So, what are the implications of the above for Governors?

Many corporations are understandably, like rabbits trapped in headlights, preoccupied with the immediacy of forthcoming ‘area reviews’. And many (if not most) may take the view that now is not the time for crystal ball gazing.

Sadly, the truth could not be further from the case, for this stance is likely to doom many a college. Preparing for, positioning and responding to the reviews, requires exactly the skills and attributes of leadership we have talked about above. And being in control of one’s own destiny (being run over by the car, or getting out of the way) requires action – not inaction or indecisiveness.

That said, and looking ahead, if new structures do emerge from the reviews, this will surely be an opportunity to review, redefine the need, and in some cases, refresh the leadership of the newly emerging organisations.

For those colleges who emerge unchanged (or should we say ‘unscathed’ – and we doubt there will be many) from the review process, there will still be the need to deal with an unprecedented degree of change, a significant reduction in funding, and on-going uncertainty over Government policy.

For the vast majority, however, the case for new approaches to leadership and direction in the sector seems stronger than ever. The stark reality (and this should really come as no great surprise) is:

  • There is much evidence pointing to the fact that too many colleges are simply not coping in the current environment.
  • Government is unconvinced of the “value add” of colleges in addressing the skills shortages in UK plc.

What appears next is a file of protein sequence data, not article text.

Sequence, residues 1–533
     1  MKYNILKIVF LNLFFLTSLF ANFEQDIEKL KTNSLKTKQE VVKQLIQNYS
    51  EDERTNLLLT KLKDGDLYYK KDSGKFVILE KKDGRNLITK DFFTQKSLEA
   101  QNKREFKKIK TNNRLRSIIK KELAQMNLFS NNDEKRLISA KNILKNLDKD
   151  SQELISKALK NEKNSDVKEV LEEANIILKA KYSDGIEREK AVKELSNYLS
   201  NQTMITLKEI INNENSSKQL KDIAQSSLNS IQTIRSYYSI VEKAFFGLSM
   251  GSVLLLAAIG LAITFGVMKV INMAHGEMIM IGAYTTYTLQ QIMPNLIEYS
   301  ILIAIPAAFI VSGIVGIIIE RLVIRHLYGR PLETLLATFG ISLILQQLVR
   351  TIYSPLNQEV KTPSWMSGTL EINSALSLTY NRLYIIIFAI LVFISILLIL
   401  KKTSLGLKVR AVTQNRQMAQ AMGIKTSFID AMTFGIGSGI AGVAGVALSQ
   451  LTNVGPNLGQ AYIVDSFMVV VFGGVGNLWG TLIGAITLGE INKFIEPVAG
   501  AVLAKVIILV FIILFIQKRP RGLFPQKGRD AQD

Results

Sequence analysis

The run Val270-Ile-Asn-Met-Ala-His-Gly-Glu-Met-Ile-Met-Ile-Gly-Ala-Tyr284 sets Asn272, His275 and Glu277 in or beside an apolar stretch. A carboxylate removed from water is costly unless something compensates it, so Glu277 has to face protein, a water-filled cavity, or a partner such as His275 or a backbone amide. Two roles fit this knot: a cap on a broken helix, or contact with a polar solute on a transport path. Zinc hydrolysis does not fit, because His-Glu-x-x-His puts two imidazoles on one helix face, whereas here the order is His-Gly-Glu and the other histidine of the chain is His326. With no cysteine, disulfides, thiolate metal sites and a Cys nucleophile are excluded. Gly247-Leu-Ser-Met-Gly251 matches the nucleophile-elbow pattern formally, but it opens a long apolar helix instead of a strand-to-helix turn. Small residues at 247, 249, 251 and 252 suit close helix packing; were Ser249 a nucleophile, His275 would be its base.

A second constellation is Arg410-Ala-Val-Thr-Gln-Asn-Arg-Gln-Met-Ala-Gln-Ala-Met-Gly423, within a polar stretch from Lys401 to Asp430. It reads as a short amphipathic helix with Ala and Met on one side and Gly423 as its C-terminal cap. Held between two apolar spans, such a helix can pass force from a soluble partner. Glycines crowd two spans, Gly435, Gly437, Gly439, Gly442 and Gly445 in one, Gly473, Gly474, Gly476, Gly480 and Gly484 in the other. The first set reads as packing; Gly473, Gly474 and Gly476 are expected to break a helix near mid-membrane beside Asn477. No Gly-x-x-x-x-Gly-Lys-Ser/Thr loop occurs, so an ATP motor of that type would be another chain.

• With a few notable exceptions, there is little evidence of any apetite for ‘radical’ approaches and new ways of thinking within the sector.
  • The process of change (transformation hardly seems appropriate given the pace of change, regardless of any fancy job titles), is inevitably and increasingly leading to tension and breakdown of trust between boards, senior leadership and their staff.

So what do we need?

Maybe we need some genuine ‘anti-chief executives’, who think the mirror opposite of the current cadre. That is not to say they will always be right, or that current thinking is always wrong, but surely this is the time for some totally radical thinking – and for whatever the reason, the current set-up is simply not producing enough of individuals capable of literally re-inventing what FE is about.

Look at the example of Steve Jobs going back to Apple and how he turned around an organisation that was just about ‘okay’ and sort of addressing the future, into on which was pretty quickly ‘shaping’ the future.

Many will argue that to be successful, a college Principal must be passionate about teaching and learning, and committed to providing students with the best possible experience. We have no reason to disagree. However, that must not be at the expense of not being able to “look over the fence” into other sectors and areas, and learning from and applying best practice.

The fact is that many (probably most) principals and Chief Executives simply haven’t experienced the scale of contemporary challenges, and frankly, neither have their role models.

The question has to be asked – can FE rise to the challenge of designing new modes of leadership that are fit for the next decade, or will it slowly sink beneath the surface, inundated by change?


The next in this series will deal will the challenges faced by Colleges seeking to recruit the best leaders.

Colin Horwath is a partner in Davidson and Partners and deputy chairman of an NHS Foundation Trust